By Jon Delano

PITTSBURGH (KDKA) — Pittsburgh’s vast medical community is expanding once again.

This time, Allegheny Health Network has announced plans to spend $200 million to build a new academic and research cancer center.

The facility will be integrated into the campus of Allegheny General Hospital.

“It will house both surgical and radiology oncology,” says David Holmberg, president and CEO of Highmark Health.

Beyond the flagship facility at AGH, there will be at least half a dozen satellite cancer treatment centers scattered throughout the area.

“Because we believe that the battle in this war around cancer needs to be fought as close to home as possible,” adds Holmberg.

Those facilities will offer medical and radiation oncology care.

The plan is part of Allegheny Health Network’s partnership with Johns Hopkins, and will include the breadth of Johns Hopkins extensive research.

“We will have access to a combined of over 600 active clinical trials many of which will be available and new to the region.”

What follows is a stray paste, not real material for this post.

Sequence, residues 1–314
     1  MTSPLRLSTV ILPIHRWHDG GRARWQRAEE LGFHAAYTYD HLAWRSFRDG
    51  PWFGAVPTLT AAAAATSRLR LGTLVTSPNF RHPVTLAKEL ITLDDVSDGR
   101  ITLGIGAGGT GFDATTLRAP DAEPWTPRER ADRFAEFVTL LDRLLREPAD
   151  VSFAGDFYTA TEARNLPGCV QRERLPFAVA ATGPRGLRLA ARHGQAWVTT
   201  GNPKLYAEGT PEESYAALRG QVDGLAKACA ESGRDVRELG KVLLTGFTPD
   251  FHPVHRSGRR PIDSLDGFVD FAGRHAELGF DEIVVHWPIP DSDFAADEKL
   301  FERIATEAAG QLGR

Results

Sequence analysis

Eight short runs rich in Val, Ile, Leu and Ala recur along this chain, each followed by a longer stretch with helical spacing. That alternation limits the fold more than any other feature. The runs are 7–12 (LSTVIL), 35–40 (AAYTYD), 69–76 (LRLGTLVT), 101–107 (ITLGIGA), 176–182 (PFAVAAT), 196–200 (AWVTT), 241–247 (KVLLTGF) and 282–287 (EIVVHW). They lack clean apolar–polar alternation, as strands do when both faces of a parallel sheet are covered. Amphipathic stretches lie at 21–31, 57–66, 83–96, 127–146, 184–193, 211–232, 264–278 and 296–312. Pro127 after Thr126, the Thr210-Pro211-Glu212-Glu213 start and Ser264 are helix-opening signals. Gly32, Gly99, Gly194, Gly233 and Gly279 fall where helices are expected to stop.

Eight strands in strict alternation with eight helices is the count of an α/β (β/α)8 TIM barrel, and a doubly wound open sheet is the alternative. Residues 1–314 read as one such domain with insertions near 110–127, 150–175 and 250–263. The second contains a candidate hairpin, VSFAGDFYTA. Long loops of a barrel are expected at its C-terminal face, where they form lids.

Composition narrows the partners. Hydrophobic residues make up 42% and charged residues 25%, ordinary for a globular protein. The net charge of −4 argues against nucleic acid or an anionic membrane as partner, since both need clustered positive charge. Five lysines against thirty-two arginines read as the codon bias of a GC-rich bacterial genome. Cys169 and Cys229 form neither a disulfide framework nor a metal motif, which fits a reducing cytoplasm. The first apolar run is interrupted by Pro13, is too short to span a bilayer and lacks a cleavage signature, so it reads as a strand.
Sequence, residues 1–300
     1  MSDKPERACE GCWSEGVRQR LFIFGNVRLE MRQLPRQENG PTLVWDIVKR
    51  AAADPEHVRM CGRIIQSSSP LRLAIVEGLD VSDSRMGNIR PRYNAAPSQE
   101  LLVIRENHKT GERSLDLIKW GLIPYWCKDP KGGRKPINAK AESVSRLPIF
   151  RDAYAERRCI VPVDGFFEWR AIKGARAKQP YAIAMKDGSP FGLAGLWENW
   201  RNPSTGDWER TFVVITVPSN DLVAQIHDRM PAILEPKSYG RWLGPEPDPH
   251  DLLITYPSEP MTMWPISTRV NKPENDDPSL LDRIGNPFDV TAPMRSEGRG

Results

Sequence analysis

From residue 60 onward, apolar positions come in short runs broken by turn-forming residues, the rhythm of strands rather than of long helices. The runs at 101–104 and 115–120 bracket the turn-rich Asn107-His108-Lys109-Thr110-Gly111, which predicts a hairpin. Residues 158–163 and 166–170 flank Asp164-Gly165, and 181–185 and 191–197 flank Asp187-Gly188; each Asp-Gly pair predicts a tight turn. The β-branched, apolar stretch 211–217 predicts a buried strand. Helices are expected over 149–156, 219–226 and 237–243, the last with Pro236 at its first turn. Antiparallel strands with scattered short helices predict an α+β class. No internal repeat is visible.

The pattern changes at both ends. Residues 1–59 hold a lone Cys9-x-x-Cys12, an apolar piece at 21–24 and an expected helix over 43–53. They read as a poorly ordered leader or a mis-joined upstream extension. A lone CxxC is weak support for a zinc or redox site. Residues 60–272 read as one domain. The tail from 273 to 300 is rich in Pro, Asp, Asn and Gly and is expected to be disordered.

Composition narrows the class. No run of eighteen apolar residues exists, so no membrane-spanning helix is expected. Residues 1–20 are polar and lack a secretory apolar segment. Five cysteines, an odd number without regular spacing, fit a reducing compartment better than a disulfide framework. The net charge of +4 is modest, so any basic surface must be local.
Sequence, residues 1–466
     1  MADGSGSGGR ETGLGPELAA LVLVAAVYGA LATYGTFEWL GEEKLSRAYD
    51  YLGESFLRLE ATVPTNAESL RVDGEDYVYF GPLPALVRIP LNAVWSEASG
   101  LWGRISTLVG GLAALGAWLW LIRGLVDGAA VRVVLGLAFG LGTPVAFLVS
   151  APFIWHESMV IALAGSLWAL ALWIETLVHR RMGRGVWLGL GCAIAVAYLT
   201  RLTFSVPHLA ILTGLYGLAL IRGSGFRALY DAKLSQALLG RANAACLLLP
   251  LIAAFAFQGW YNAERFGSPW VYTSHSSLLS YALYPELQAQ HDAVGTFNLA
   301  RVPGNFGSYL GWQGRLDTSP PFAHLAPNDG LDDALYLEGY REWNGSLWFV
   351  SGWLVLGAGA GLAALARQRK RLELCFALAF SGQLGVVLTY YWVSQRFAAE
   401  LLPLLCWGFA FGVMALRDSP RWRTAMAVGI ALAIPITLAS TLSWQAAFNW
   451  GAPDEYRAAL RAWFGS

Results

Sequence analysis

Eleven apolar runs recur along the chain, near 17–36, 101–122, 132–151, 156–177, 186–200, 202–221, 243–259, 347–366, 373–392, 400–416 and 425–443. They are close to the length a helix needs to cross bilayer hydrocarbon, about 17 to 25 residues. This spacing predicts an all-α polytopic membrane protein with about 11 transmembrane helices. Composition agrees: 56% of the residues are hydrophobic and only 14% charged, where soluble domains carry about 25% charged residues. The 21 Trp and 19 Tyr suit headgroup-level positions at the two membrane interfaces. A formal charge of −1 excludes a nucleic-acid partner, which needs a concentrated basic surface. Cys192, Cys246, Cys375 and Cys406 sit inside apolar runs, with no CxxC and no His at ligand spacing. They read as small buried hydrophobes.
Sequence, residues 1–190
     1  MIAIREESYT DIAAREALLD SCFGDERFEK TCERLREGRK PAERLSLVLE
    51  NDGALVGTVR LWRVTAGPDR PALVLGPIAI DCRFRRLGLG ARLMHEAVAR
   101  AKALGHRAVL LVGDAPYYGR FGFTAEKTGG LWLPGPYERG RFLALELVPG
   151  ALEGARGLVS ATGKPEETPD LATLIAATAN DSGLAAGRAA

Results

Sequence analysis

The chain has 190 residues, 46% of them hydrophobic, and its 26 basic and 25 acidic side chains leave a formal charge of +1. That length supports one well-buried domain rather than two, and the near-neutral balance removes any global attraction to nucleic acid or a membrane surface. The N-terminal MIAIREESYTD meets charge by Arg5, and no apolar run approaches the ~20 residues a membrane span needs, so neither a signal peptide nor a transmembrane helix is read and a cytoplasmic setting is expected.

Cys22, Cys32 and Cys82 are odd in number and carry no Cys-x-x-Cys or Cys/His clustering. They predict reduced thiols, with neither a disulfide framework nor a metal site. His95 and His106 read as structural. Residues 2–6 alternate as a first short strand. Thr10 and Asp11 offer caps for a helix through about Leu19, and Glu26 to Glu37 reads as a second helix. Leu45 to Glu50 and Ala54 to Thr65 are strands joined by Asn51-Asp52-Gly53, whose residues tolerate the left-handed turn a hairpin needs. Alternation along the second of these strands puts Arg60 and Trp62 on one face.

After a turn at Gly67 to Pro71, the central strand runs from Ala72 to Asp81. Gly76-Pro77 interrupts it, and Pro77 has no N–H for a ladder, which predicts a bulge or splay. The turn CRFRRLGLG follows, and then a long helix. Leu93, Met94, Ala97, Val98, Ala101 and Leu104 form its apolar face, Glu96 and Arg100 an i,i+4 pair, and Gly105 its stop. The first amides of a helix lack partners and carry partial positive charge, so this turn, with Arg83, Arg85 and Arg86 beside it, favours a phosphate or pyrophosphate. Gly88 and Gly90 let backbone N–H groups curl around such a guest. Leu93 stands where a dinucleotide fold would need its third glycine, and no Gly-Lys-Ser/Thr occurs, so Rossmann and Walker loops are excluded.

Johns Hopkins will also provide remote consultations and share its innovative treatments.

Cancer is currently the second leading cause of death in the United States, and as the population ages, it’s estimated there will be 2.3 million cases annually over the next decade.

But there is good news.

“There’s no field of medicine that I think is changing more rapidly than cancer,” says Dr. Paul Rothman, Dean of the medical faculty and CEO of Johns Hopkins Medicine.

According to the Centers for Disease Control, cancer screenings and treatments are improving so much that the number of cancer survivors is expected to grow dramatically from 11.7 million in 2007 to 18 million in 2020.

When all is said and done, Allegheny Health Network says the expansion may generate as many as 175 new health care jobs across the area.

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